Bangkok fell into chaos yesterday as the government deployed troops and armoured vehicles to seal off the red-shirt protest site, leading to early closure of buildings in the Rajprasong are and greater uncertainties to the Thai economy.

Read more from the original source:
Economic gloom as barricades seal Rajprasong

Key risks to the outlook are (i) political uncertainty and (ii) the timing of the withdrawal of fiscal and monetary stimulus. Increased political tensions may have a long-lasting impact on investment, and withdrawal of stimulus (in Thailand and the advanced economies) must be precisely timed to avoid macroeconomic imbalances (including new asset bubbles) while also ensuring that the recovery is on a sufficiently solid footing.

Against the backdrop of a weakening US dollar and mounting trade surpluses, East Asian currencies and Thai baht have appreciated only modestly


The key risk to the global recovery lies in the need to get the timing of withdrawing fiscal and monetary stimulus just right. Withdrawal of fiscal stimulus too early may lead to another negative demand shock and a negative expectations spiral, whereas withdrawing the stimulus too late may lead to high inflation, further weakening of the US dollar, and possible asset price bubbles. In Thailand, for example, more than ten years since the 1997/1998 financial crisis banks still have bad loans in their books and the government still holds a large amount of debt related to the recapitalization of financial institutions. Given the expected length of recovery, it is important not to withdraw stimulus programs too soon, before the recovery is on a firm footing. On the other hand, macroeconomic imbalances are accumulating and eventually fiscal and monetary authorities, especially in the US, must consolidate their fiscal position and withdraw liquidity.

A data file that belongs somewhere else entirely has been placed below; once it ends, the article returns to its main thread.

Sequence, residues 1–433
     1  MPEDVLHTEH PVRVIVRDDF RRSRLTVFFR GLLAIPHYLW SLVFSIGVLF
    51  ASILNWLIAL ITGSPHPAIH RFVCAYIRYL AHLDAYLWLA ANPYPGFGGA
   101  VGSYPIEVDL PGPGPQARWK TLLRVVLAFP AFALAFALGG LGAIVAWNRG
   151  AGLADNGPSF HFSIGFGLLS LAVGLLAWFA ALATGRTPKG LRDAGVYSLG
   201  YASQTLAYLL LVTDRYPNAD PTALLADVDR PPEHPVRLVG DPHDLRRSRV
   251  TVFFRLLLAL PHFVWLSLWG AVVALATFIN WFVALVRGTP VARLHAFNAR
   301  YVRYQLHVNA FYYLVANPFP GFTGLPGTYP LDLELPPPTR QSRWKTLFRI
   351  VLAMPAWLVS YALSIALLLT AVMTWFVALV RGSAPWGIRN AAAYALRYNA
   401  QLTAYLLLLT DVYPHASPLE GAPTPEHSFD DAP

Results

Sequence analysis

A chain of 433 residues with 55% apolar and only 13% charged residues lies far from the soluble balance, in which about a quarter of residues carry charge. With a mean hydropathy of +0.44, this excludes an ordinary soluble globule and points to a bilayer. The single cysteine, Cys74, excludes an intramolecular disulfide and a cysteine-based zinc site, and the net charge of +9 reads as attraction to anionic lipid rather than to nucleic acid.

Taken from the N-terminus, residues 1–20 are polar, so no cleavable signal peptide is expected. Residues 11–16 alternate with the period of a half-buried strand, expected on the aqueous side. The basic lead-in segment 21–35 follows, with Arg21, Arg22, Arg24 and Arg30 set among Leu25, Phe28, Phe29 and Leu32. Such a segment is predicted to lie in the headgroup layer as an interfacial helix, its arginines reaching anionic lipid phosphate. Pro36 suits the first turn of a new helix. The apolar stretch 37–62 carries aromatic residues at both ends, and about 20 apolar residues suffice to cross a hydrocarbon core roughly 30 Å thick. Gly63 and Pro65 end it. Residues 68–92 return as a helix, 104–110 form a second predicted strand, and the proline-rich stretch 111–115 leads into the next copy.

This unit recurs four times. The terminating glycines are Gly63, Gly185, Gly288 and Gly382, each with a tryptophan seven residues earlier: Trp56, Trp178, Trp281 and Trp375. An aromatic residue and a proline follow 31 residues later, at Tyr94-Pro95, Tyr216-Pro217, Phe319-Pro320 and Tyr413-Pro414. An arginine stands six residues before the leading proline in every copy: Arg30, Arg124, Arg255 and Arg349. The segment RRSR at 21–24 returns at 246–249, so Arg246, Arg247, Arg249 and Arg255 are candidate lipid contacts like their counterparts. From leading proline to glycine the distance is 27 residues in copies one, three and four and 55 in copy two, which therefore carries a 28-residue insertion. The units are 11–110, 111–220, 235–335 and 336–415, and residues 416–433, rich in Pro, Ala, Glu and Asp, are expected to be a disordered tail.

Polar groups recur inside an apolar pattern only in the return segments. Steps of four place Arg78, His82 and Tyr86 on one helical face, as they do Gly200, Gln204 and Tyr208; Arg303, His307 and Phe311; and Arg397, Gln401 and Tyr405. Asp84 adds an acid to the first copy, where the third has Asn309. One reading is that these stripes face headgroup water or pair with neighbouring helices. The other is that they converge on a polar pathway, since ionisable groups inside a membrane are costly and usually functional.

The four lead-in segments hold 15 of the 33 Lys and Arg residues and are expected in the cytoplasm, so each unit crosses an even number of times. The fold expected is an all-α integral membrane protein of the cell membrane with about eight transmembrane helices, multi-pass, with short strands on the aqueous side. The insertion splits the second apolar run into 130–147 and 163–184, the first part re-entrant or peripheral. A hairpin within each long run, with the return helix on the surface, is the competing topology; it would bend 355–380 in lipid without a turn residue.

Economic gloom as barricades seal Rajprasong

The Thai baht has appreciated, but only to the extent of other regional exchange rates. The baht has appreciated 4.9 percent in 2009, compared for example to over 30 percent of the Brazilian real.

Most of the infrastructure development in Thailand has been responsive to demand rather than forward-looking. Availability and accessibility appear to no longer be a challenge. The next step for Thailand is to put more emphasis on quality of service delivery, management, and sound regulation.

About the author

Leave a Reply

This site uses Akismet to reduce spam. Learn how your comment data is processed.

Sign Up for Our Newsletter

Get notified of our weekly selection of news

You May Also Like

Thailand raises to level 4 alert for COVID-19

Thailand’s COVID-19 alert has been raised from Level 3 to Level 4 today (Thursday), with more restrictive measures to be announced in the near future, according to Public Health Permanent Secretary Kiattibhoom Vongrachit.

Thai Capital to Get New English Name

This new update, proposed by the Office of the Royal Society, includes the change of the official English title of Thailand’s capital city from Bangkok to Krung Thep Maha Nakhon, with the commonly known title of “Bangkok” kept within parentheses.